Friday, August 18, 2017

Myanmar MPs expect long session as budget debate looms

The sixth session of parliament is likely to run for longer than previous sessions because MPs will need to approve the 2013-14 budget and national planning bills, Pyithu Hluttaw Speaker Thura U Shwe Mann said last week.

The session will begin on January 9. MPs are also expected to consider a tax law, special economic zone law and investment law for Myanmar citizens, the speaker said at a coordination meeting in Nay Pyi Taw on January 1.

Representatives said they expected the session could take two months or more.

“Last year the budget session took a long time, from about January to the end of March. The agenda for that session also included the planning [law],” said U Thein Nyunt, the Pyithu Hluttaw member for Yangon’s Thingangyun.

He said he had already sent one bill, two proposals and 10 questions ahead of the session but would not give further details, citing parliamentary rules.

Daw Phyu Phyu Thinn from the National League for Democracy said she would ask two budget-related questions, one on transportation and another on municipal affairs.

But political analysts said that while the budget is important the hluttaw also needed to make progress on solving internal conflicts.

However, finding time in the crowded parliament agenda could prove difficult.

“This time the budget will be the main focus but there are questions and motions left over from the former session. Some new questions and motions will be presented this time but I think they can only manage to discuss some of these,” said Ko Kyaw Lin Oo, a political commentator for local publications.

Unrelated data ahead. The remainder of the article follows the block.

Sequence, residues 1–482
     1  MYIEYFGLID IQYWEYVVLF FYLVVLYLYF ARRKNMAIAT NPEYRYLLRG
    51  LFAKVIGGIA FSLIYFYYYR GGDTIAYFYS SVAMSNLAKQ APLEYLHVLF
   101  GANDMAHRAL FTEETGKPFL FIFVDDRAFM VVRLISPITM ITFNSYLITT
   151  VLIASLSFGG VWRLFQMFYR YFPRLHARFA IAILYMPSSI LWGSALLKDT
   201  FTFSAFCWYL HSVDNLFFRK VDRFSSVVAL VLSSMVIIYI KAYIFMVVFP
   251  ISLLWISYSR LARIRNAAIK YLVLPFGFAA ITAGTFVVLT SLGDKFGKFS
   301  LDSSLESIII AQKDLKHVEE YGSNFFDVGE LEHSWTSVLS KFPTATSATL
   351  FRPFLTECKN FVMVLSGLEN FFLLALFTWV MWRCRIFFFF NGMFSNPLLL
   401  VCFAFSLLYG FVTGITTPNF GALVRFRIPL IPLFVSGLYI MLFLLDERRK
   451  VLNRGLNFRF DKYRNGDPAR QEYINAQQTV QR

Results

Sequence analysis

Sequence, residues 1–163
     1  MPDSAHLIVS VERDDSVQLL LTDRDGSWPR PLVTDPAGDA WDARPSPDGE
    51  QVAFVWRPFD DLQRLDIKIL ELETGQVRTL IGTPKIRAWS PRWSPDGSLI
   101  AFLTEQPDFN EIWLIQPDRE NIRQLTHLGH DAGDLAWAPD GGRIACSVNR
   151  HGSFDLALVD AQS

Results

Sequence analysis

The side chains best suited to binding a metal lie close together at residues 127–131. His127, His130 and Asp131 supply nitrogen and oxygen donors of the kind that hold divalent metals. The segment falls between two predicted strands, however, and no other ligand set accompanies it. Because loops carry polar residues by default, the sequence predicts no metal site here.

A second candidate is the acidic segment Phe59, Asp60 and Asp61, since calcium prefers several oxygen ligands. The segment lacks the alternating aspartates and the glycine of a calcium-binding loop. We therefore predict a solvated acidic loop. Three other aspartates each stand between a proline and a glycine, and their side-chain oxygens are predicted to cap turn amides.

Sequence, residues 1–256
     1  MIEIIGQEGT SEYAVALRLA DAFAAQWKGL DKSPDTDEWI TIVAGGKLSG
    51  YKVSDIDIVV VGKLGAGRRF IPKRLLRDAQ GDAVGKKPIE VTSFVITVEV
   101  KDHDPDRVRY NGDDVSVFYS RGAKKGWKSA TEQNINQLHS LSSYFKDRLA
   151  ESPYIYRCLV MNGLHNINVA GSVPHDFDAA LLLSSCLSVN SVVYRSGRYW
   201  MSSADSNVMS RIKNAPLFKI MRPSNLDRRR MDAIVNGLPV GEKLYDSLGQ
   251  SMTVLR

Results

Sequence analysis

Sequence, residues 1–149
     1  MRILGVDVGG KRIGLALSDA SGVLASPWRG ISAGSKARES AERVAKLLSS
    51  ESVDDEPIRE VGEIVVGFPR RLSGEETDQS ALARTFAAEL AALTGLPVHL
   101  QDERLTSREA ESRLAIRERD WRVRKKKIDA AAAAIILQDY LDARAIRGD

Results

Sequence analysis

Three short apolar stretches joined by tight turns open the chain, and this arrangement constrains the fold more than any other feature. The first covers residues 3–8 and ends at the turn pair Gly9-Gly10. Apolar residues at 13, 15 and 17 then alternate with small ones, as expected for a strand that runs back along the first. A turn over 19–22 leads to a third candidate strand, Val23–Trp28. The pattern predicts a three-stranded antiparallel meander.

He said that committees and commissions formed in respect to the fighting in Kachin State and Letpadaung mine unrest needed to show concrete progress, while MPs should also examine changes to the foreign investment law by-laws and disputes over recent ward and village-tract administrator elections.

“This session the parliamentarians will have to work very hard. But whether the efforts of the hluttaw are of benefit to the people also depends partly on the performance of the executive bodies. If they don’t follow the rules passed by the legislature correctly, the aim of the parliament won’t be fulfilled.”

Observers will also be looking for greater input and influence from NLD representatives, who have been criticised in some quarters for their perceived passiveness since entering the hluttaw in early May 2012.

Daw Phyu Phyu Thinn said this was partly because the NLD representatives had to wait for a backlog of “hundreds of questions and motions” from previous sessions to be heard.

She said that all MPs should do their job properly, whether they were from the NLD, other parties or appointed by the commander-in-chief.

But Ko Kyaw Lin Oo said the NLD had to accept that the public expects more of its representatives than those from other parties.

“In the last session, we found that NLD representatives did not participate in discussions very often. Because they are democracy advocates, they need to work more than that. If this continues, there will be questions over what they are doing in the hluttaw,” he said.

He said there had been some disbelief among observers at reports that the NLD would submit a motion to legalise prostitution during the upcoming session.

“Isn’t there anything else more important than that in the country? There are still many other issues that need to be addressed, such as education, health and social security. I want to know why they raise this issue [of prostitution] now,” he said.

– Translated by Thit Lwin